Yesterday the National Nuclear Security Administration posted the executive summary of a study by JASON, the independent science advisory group, of the “3+2” program to replace most of the U.S. nuclear weapons stockpile with a suite of new weapons. The summary is deeply skeptical of the 3+2 approach, noting several potential problems and offering only lukewarm support for some of the benefits that the programs’ supporters tout.

North Korea: Don't dream the impossible
Bulletin of the Atomic Scientists, Andrei Lankov

Unfortunately, US and UN policy tends to oscillate between the hard line and the soft line. Neither is going to work. Pursuing the impossible goal of denuclearization can even be considered dangerous because it wastes time that could be spent pursuing the far more realistic goal of freezing North Korea's nuclear potential.

Atomic attraction
The Indian Express, Benjamin A. Valentino, Scott D. Sagan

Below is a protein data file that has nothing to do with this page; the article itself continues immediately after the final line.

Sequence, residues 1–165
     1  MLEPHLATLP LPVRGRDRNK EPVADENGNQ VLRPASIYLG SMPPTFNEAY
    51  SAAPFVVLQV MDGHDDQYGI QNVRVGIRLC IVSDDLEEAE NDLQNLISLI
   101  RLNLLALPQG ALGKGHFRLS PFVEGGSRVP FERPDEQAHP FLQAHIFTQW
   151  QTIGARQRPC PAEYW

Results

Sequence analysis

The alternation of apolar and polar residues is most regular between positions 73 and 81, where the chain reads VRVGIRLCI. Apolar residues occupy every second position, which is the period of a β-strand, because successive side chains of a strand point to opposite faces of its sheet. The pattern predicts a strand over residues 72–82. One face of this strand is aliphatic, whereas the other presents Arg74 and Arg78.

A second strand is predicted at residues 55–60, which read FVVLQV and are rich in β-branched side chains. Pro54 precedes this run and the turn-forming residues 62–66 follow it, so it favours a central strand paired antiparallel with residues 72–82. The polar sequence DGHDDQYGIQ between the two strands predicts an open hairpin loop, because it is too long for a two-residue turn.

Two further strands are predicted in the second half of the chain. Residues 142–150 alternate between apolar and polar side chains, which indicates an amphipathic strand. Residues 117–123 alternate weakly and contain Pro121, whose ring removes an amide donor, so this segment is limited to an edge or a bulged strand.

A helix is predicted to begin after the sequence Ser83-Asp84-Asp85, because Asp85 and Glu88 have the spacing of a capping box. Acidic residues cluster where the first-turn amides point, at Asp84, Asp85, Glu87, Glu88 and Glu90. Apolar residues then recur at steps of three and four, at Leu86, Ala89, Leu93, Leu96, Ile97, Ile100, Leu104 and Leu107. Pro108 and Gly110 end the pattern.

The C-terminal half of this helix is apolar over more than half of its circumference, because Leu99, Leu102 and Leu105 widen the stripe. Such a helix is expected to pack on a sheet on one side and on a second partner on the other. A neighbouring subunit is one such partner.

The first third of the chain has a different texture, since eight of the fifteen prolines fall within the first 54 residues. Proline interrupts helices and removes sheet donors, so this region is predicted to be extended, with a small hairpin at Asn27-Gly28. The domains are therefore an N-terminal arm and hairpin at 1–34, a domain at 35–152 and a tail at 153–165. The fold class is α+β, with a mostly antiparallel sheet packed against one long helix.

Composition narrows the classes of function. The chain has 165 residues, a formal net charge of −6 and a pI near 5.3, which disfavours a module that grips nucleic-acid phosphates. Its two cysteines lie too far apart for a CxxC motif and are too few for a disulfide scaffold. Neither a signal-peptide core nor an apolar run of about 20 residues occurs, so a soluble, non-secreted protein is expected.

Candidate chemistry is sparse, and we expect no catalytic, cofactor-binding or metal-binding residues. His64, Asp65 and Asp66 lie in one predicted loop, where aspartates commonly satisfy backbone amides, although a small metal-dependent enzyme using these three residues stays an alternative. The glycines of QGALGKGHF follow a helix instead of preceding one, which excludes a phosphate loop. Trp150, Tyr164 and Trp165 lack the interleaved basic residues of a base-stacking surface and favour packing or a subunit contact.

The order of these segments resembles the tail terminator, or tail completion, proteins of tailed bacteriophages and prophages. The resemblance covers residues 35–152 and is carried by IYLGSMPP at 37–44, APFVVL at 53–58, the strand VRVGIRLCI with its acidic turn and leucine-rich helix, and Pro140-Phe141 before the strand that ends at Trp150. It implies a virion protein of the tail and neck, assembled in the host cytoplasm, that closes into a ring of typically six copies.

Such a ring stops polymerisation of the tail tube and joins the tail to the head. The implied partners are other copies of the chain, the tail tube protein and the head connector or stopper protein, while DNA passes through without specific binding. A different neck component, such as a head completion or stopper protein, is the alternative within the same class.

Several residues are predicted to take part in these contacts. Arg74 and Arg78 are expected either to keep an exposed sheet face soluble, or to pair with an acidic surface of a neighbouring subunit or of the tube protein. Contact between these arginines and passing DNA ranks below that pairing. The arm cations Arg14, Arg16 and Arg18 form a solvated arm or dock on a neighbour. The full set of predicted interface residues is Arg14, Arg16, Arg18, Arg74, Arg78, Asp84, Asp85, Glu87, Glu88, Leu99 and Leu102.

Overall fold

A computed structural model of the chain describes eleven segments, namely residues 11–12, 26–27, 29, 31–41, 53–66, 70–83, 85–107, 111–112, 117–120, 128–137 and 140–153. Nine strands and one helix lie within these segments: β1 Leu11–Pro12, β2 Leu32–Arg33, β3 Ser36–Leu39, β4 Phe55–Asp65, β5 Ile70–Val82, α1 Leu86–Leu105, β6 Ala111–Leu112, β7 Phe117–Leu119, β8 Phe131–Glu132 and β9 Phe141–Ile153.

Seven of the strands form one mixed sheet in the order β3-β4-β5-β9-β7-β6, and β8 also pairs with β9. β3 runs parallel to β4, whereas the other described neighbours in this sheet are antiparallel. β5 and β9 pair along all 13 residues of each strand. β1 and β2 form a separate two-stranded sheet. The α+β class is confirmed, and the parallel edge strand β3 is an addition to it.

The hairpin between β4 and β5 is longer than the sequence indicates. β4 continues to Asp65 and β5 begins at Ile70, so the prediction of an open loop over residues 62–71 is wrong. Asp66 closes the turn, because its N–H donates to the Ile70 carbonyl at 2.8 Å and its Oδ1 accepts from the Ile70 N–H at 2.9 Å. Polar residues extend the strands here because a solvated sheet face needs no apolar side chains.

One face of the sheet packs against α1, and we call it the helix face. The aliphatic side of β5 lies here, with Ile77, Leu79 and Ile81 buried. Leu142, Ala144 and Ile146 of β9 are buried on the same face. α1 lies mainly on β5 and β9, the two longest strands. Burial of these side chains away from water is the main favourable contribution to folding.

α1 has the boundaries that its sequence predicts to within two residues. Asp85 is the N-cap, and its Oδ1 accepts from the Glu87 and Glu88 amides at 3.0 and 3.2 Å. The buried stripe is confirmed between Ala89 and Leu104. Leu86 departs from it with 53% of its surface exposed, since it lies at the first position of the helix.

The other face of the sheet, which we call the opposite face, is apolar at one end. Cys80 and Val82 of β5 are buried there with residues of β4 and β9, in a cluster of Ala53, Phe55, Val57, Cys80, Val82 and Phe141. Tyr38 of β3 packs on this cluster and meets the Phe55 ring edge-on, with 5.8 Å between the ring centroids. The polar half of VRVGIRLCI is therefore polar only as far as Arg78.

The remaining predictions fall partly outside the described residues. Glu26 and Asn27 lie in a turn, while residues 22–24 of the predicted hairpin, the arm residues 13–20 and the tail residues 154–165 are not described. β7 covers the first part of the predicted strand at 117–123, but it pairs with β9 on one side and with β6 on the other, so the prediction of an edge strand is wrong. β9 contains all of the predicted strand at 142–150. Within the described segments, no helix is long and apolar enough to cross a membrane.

Although most Indian citizens will oppose using nuclear weapons first when asked in such general terms, public opinion changes when presented with more specific crisis scenarios. Indeed, our poll demonstrates that, if confronted with real-world scenarios in which a nuclear first-strike might actually be considered by Indian leaders, public support for nuclear first use is actually very high.

SPECIAL INTEREST

We were guinea pigs: Documentary puts Atomic Veterans in limelight
Military Times

“You feel the heat blast from it, and it’s so bright, you actually can see your bones in your hands,” Farmer said in a new documentary highlighting the service of thousands U.S. troops who participated in nuclear weapons testing from 1946 to 1968.